Jerwood Staging Series: Not I

Photo © Hydar Dewachi
Photo © Hydar Dewachi

Stories from the ever-ending world: this afternoon of talks and tastings brings together speakers from microbiology to science fiction to consider what forms of communications or communion might exist in the near future, whether among humans or beyond them. Curated by Chris Fite-Wassilak for Jerwood Staging Series.

I have contributed a menu of possible future sentient entities like evolved iron, post-human parasitical fungi, and sentient algae to help us taste and think through speculative science/fictions. Other participants include Dr Brenda Parker, Dr Joseph Cook, Matthew De Abaitua, and Dr Mark Spencer.

Bloody Mary made with help from Chef Terri Mercieca and Cocktail expert Felix Cohen.

Jerwood Space, London
15 Sep 2018, 3-5pm

Evolved Bloody Mary: Spiced vodka tomato water with evolved iron made by metal-bearing synthetic enzymes.
An iron-rich centrifuge-clarified tomato juice cocktail, infused with my nutritional sculptures.

Humans now have the ability to synthesize enzymes, nature’s chemical catalysts, that transform materials at the molecular level and speed up the reactions that make life possible. Our synthetic versions are called XNAs, and like DNA and RNA, they are capable of information storage and have the capacity for heredity and Darwinian evolution.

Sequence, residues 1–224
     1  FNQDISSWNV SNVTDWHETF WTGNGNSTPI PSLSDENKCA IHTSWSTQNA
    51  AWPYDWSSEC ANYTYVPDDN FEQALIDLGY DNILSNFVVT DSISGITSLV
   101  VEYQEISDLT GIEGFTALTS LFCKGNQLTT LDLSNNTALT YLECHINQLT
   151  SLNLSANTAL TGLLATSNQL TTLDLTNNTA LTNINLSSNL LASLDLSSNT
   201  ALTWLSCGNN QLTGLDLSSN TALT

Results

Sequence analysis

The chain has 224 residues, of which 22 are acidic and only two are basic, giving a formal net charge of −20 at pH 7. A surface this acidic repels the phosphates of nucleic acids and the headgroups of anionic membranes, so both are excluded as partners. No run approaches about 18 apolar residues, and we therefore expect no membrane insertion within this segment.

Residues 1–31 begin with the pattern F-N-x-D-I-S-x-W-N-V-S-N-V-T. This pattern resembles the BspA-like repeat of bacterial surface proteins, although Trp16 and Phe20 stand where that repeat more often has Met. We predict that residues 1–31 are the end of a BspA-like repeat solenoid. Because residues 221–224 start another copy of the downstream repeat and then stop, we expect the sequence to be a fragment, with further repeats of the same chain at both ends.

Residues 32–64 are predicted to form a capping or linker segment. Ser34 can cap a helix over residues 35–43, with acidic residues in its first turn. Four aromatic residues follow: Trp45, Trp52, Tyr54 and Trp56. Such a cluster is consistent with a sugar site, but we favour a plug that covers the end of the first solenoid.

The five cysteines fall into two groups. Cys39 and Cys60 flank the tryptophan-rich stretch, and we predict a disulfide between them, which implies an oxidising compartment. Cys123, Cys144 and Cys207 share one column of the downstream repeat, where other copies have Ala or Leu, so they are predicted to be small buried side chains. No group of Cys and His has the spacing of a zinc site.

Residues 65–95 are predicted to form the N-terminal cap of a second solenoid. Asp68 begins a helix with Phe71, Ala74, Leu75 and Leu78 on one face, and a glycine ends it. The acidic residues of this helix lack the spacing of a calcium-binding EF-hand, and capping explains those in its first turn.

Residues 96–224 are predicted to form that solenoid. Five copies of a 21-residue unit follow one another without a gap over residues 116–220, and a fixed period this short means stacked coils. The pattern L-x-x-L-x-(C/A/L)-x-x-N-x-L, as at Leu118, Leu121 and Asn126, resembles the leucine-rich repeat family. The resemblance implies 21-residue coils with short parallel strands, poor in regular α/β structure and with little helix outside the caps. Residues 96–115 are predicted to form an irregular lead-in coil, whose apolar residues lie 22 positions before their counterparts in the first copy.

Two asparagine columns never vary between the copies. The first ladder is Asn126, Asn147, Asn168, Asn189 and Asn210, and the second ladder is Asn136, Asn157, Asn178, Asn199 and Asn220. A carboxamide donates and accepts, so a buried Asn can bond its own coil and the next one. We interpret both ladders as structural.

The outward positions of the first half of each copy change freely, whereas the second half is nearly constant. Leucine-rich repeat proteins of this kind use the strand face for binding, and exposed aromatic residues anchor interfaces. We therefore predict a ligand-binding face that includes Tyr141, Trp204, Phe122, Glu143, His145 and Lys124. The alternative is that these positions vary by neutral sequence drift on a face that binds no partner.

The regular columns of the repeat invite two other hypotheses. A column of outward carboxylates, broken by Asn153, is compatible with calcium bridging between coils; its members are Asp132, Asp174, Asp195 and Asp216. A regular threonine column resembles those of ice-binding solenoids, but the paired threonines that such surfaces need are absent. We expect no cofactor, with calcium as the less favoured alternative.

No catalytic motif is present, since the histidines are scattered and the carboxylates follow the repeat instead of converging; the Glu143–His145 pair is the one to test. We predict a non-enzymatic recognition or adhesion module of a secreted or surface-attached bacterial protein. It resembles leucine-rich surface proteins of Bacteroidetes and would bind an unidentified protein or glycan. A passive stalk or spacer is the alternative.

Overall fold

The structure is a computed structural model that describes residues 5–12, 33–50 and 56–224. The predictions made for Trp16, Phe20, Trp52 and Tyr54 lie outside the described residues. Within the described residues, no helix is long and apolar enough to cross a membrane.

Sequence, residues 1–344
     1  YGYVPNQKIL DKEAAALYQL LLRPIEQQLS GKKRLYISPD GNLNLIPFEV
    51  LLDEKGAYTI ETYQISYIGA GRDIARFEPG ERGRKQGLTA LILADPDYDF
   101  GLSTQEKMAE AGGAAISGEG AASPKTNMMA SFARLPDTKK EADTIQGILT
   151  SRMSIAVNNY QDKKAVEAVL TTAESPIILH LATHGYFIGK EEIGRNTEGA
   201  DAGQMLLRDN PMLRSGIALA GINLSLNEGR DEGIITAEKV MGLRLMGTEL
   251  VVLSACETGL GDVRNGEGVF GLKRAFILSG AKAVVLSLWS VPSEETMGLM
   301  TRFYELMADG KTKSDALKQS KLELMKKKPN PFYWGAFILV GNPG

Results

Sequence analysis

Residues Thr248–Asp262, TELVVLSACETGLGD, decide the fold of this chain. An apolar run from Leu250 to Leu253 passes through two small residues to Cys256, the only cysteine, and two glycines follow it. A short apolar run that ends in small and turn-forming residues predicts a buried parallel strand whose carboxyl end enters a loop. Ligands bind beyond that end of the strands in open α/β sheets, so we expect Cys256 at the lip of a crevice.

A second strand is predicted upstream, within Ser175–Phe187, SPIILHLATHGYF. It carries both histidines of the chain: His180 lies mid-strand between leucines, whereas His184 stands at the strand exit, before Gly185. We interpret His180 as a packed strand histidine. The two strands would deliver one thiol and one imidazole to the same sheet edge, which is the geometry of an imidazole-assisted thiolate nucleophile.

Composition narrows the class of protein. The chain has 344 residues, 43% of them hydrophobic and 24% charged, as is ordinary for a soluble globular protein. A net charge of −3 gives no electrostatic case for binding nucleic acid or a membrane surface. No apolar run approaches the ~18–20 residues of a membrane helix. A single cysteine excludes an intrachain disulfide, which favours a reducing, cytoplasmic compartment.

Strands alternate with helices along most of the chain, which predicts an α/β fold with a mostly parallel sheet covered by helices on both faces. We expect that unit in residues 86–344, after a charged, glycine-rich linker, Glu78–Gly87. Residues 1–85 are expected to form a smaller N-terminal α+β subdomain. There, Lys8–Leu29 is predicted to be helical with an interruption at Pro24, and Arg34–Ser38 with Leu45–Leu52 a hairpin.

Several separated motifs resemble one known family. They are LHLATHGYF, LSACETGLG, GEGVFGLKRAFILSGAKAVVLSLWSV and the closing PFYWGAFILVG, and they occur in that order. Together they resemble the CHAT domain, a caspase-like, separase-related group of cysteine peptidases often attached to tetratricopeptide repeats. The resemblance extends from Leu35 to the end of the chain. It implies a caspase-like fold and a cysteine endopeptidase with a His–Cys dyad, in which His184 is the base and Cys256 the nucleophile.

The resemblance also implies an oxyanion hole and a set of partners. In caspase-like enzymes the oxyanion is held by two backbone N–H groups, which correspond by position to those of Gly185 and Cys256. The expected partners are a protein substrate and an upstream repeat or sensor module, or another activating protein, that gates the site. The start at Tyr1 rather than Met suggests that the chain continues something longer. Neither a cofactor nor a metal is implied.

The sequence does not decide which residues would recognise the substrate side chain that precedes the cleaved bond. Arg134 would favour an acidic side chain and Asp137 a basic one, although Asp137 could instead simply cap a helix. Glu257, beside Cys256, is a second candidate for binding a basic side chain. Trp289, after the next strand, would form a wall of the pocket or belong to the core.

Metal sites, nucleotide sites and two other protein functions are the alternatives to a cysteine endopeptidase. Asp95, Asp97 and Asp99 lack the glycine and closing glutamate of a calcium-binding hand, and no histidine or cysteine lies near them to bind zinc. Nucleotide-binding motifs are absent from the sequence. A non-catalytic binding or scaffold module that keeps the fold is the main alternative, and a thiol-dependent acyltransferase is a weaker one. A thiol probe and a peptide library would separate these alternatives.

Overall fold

In a post-industrial polluted world, metal lakes will form, of iron, copper, or cadmium, carrying traces of rarer heavy metals types like ruthenium, rhodium and iridium from electronic waste. These metals can be used by our new, human-made enzymes, enabling capabilities that natural enzymes don’t have, creating conditions for unpredictable evolution of life. I have imagined future metallic corals. Could they be grown to create a new type of biologically formed electronics or biocomputers? Or perhaps grown engineered structures, evolved steel. Will we need to cook with them, use them as nutritional supplements when it’s harder to grow vegetables?

Parasitical Mushroom Broth: A clear soup with medicinal properties, made with a cordyceps, a parasitical fungus which grows from the bodies of underground ghost moth larvae.

Fungi make up perhaps 25% of the global biomass. The largest living organism on the planet is a single honey fungus in Michigan that covers nearly 40 acres, weighs more than 100 tons and is around 1,500 years old. Lingzi or Reishi mushroom, another parasitical fungus included in this broth is known traditionally as the spirit mushroom – the plant of immortality. Perhaps all these mushrooms would survive an apocalypse?

Microalgal Blue Sushi: C-phycocyanin-laced sushi balls on toasted nori, with avocado and pickled

Guests ate this light-harvesting organism, a pigment that entirely changed life on this planet: cyanobacteria, responsible for the great oxygenation event which began three billion years ago and still accounts for about 20% of the oxygen in our atmosphere. We can find it commonly as the colour of the new blue smarties.

Photos at Jerwood © Hydar Dewachi